On 1 Feb 2014, at 22:43, Al Viro <viro@xxxxxxxxxxxxxxxxxx> wrote:
> * ntfs_file_buffered_write() should switch to iov_iter as well. It's
> open-coding a lot of iov_iter stuff.
The NTFS code predates iov_iter by more than 10 years so it simply wasn't there
to use when I wrote NTFS... But yes, NTFS should be updated to use it, I agree
> It's not entirely trivial and
> I'd really like to hear from ntfs folks on that, though, and the current
> code looks deadlock-prone. We prefault everything, then lock the pages
> to which we'll be copying, then attempt to do __copy_from_user_inatomic(),
> falling back to __copy_from_user() if that fails. Fine, but what happens
> if the source of write() is mmaped from the same file and we lose CPU while
> prefaulting the last page, have memory pressure evict the first one, then
> have __ntfs_grab_cache_pages() allocate and lock (nonuptodate) pages
> we'll be copying to and have __copy_from_user() try to copy *from* those
> same pages? We are doing it while holding these pages locked, so pagefault
> will have really fun time with them... Anton?
That would deadlock. You are (of course) quite right. But the generic file
write code used to suffer from the same deadlock problem and no-one ever
complained much about it IIRC...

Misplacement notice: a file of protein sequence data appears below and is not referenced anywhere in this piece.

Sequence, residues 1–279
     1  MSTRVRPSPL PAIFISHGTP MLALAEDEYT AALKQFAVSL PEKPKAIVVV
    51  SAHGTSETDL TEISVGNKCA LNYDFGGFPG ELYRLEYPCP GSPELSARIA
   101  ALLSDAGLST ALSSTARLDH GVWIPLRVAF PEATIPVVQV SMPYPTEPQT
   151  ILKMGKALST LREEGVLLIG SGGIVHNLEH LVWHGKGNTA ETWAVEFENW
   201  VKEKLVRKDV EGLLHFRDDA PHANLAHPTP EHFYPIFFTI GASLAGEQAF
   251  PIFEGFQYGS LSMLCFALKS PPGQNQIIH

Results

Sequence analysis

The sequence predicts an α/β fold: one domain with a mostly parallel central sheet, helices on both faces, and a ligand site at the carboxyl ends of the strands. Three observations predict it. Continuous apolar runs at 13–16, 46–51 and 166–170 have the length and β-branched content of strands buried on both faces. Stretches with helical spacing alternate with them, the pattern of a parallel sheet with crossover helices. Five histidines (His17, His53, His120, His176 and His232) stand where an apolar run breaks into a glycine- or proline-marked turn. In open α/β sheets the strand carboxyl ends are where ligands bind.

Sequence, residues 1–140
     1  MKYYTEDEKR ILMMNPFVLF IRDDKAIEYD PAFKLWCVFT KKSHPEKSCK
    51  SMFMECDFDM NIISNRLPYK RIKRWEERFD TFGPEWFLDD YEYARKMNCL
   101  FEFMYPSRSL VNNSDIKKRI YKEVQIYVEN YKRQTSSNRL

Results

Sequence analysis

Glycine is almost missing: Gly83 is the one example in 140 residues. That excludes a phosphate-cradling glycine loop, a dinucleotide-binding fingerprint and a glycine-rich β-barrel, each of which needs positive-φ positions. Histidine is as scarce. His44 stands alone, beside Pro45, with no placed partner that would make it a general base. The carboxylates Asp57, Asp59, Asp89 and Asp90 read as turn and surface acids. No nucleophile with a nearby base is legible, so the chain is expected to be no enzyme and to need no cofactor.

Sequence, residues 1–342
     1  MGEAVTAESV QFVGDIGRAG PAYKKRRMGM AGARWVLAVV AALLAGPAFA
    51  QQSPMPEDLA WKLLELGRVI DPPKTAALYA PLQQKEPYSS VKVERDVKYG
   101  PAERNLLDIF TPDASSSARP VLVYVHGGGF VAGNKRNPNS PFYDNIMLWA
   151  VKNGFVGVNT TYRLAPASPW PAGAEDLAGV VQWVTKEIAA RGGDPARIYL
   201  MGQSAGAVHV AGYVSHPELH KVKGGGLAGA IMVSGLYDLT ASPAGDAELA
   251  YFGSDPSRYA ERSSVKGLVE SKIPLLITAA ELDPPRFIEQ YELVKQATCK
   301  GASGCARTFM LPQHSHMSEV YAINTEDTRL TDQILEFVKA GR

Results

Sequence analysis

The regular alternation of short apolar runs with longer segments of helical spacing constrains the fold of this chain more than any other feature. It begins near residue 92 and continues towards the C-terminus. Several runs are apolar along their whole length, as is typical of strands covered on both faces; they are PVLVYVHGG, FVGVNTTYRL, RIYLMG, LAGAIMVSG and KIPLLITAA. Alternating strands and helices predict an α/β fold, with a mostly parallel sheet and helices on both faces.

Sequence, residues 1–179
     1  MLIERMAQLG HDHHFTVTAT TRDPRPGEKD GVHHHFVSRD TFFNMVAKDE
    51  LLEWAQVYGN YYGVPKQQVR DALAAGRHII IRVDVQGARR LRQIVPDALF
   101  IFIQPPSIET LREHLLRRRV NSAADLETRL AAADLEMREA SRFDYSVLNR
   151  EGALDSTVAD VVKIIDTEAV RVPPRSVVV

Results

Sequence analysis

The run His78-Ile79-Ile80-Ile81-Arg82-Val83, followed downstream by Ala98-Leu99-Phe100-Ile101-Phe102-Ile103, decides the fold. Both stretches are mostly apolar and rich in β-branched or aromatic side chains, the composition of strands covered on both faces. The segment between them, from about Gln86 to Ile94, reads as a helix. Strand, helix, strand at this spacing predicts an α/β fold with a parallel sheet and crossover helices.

In the current kernel the problem does not exist any more (due to the do the
atomic copy with pagefaults disabled and then retrying with just the first
segment and keeping retrying till it works) so indeed updating NTFS to use
iov_iter would be a good opportunity to get that fixed in NTFS as well.
It does not matter if for NTFS it turns out to be quite inefficient (due to
locking/unlocking several pages at once) as it is such a crazy corner case that
will hardly ever be triggered in real life especially so as the only time NTFS
operates on more than one page at once in ntfs_file_buffered_write() is when a
write happens into a sparse logical block (NTFS "cluster") and only on volumes
with a logical block size > PAGE_CACHE_SIZE which with a minimum
PAGE_CACHE_SIZE of 4096 bytes on Linux and the fact that Windows only ever
creates volumes with a logical block size of 4096 (unless the user specifically
forces a different block size when creating the volume) it means that it
basically hardly ever happens. Also, the NTFS kernel driver never creates
sparse files, i.e. the sparse file would have had to come from Windows or
another NTFS implementation...
I will have a look at moving NTFS to iov_iter and fixing the potential deadlock
at the same time.
Anton Altaparmakov <aia21 at cam.ac.uk> (replace at with @)
Unix Support, Computing Service, University of Cambridge
J.J. Thomson Avenue, Cambridge, CB3 0RB, UK